Migration State:
    Abort Requested:  true
    Abort Status:     Succeeded
    Completed:        true
    End Timestamp:    2019-03-29T04:02:49Z
    Failed:           true
    Migration Config:
      Completion Timeout Per GiB:  800
      Progress Timeout:             150
    Migration UID:                  57a693d6-51d7-11e9-b370-525500d15501
    Source Node:                    node02
    Start Timestamp:                2019-03-29T04:02:47Z
    Target Direct Migration Node Ports:
      39445:                      0
      43345:                      49152
      44222:                      49153
    Target Node:                  node01
    Target Node Address:
    Target Node Domain Detected:  true
    Target Pod:                   virt-launcher-testvmimcbjgw6zrzcmp8wpddvztvzm7x2k6cjbdgktwv8tkq

Using virtctl to cancel a live migration

Live migration can also be canceled using virtctl, by specifying the name of a VMI which is currently being migrated

    virtctl migrate-cancel vmi-fedora

Changing Cluster Wide Migration Limits

KubeVirt puts some limits in place, so that migrations don't overwhelm the cluster. By default, it is configured to only run 5 migrations in parallel with an additional limit of a maximum of 2 outbound migrations per node. Finally, every migration is limited to a bandwidth of 64MiB/s.

These values can be changed in the kubevirt CR:

kind: Kubevirt
  name: kubevirt
  namespace: kubevirt
      parallelMigrationsPerCluster: 5
      parallelOutboundMigrationsPerNode: 2
      bandwidthPerMigration: 64Mi
      completionTimeoutPerGiB: 800
      progressTimeout: 150
      disableTLS: false
      nodeDrainTaintKey: ""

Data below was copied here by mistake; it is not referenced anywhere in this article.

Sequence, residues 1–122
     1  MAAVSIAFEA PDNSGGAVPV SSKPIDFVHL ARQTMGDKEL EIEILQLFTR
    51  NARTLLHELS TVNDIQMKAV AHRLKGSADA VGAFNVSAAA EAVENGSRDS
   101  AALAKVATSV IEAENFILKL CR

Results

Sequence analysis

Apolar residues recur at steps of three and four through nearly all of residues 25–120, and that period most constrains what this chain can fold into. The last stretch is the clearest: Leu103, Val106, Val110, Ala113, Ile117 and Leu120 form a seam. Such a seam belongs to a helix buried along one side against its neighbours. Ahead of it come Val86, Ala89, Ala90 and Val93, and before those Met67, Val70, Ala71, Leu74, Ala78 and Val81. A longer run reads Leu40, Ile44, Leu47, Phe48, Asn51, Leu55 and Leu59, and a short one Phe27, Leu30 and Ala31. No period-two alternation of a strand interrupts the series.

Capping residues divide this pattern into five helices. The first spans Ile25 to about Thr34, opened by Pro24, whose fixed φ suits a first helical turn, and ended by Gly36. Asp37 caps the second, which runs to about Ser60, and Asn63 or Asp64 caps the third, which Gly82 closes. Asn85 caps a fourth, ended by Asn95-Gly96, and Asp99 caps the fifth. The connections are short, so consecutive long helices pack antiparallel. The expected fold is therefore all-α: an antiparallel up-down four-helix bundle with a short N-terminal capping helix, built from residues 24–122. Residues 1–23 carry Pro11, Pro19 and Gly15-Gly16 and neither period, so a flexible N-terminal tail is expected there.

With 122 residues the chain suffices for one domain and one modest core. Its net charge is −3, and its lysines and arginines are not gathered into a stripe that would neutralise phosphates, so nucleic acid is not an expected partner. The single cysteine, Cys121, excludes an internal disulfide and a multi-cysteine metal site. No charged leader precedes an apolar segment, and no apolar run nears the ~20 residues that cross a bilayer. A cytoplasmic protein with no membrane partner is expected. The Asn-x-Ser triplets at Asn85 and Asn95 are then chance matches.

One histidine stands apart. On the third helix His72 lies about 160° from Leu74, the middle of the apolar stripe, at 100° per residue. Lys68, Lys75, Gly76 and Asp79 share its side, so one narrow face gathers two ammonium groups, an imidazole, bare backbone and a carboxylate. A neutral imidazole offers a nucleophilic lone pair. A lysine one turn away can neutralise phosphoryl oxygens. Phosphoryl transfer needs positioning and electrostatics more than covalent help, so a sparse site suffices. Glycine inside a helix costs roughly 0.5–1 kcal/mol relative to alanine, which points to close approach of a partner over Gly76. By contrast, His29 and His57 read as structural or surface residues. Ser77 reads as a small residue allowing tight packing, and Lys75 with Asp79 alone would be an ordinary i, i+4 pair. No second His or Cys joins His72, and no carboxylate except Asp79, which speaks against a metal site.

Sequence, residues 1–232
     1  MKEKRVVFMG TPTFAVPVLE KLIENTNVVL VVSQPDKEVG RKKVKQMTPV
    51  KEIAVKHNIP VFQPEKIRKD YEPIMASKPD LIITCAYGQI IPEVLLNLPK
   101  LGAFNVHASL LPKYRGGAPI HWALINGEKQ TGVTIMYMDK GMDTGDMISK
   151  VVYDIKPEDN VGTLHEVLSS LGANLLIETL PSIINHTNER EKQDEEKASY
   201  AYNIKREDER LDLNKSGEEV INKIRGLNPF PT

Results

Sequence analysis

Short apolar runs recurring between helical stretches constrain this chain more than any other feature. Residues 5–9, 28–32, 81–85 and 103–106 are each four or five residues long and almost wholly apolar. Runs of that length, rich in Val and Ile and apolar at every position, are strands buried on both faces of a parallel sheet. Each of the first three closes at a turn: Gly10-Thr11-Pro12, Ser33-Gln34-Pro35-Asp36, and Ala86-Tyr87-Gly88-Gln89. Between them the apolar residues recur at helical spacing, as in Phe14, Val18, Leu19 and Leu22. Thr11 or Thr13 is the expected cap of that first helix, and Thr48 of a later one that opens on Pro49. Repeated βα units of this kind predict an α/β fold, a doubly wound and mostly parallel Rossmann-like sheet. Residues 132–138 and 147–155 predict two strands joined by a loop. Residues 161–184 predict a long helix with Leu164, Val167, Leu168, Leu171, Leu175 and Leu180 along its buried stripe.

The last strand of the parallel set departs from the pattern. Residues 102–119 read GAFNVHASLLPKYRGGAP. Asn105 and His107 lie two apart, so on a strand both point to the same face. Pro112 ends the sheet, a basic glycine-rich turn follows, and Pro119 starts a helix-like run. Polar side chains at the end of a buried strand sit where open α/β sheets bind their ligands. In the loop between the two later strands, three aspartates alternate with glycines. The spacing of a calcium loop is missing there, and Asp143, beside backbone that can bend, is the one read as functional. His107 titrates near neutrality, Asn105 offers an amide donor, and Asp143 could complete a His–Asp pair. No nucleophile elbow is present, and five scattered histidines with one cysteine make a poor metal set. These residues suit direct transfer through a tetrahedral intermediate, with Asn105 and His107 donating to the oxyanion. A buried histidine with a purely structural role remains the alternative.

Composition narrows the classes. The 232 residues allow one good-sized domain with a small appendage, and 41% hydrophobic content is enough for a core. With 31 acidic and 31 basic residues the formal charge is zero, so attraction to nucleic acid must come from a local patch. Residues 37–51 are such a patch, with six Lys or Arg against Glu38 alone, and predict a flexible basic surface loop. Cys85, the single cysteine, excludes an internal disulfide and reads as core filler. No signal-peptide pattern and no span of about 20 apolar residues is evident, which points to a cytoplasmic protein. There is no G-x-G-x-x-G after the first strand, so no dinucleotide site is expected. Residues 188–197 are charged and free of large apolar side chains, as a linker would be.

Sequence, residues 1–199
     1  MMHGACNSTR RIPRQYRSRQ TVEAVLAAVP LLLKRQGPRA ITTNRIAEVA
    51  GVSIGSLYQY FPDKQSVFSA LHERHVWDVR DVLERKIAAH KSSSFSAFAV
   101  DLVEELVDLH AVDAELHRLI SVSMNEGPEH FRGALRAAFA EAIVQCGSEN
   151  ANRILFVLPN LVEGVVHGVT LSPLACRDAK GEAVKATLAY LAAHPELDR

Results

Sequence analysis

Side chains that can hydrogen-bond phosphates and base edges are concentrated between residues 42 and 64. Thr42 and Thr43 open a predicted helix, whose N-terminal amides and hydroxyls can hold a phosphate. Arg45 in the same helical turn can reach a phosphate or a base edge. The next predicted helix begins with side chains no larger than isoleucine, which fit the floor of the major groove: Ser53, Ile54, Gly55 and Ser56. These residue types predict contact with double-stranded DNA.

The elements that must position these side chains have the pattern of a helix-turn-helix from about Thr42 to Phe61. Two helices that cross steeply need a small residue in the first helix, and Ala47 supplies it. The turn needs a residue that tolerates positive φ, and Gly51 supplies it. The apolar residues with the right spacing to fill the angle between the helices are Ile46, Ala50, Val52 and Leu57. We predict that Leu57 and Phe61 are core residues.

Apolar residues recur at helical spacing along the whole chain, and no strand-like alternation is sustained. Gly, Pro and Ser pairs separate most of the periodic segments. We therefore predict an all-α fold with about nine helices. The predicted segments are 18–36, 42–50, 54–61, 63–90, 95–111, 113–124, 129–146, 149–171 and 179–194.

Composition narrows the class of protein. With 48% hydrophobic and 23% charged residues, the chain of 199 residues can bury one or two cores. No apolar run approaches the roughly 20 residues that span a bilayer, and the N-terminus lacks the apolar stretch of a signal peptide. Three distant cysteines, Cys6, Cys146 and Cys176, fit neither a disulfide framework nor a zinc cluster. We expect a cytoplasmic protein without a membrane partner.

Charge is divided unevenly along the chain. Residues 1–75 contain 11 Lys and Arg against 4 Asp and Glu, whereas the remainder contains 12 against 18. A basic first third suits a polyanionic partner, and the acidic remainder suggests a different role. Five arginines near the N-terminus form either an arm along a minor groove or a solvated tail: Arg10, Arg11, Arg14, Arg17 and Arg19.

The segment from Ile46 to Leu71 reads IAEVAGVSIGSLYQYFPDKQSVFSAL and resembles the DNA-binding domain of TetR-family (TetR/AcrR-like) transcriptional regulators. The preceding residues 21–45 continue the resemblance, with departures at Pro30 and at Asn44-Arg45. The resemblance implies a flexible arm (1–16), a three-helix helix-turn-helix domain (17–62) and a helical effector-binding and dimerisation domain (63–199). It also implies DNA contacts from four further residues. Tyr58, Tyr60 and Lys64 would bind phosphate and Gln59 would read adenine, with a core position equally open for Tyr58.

allowAutoConverge: false
      allowPostCopy: false
      unsafeMigrationOverride: false

Bear in mind that most of these configuration can be overridden and fine-tuned to a specified group of VMs. For more information, please see Migration Policies.

Understanding different migration strategies

Live migration is a complex process. During a migration, the source VM needs to transfer its whole state (mainly RAM) to the target VM. If there are enough resources available, such as network bandwidth and CPU power, migrations should converge nicely. If this is not the scenario, however, the migration might get stuck without an ability to progress.

The main factor that affects migrations from the guest perspective is its dirty rate, which is the rate by which the VM dirties memory. Guests with high dirty rate lead to a race during migration. On the one hand, memory would be transferred continuously to the target, and on the other, the same memory would get dirty by the guest. On such scenarios, one could consider to use more advanced migration strategies.

Let's explain the 3 supported migration strategies as of today.


Pre-copy is the default strategy. It should be used for most cases.

The way it works is as following:

  1. The target VM is created, but the guest keeps running on the source VM.
  2. The source starts sending chunks of VM state (mostly memory) to the target. This continues until all of the state has been transferred to the target.
  3. The guest starts executing on the target VM.
  4. The source VM is being removed.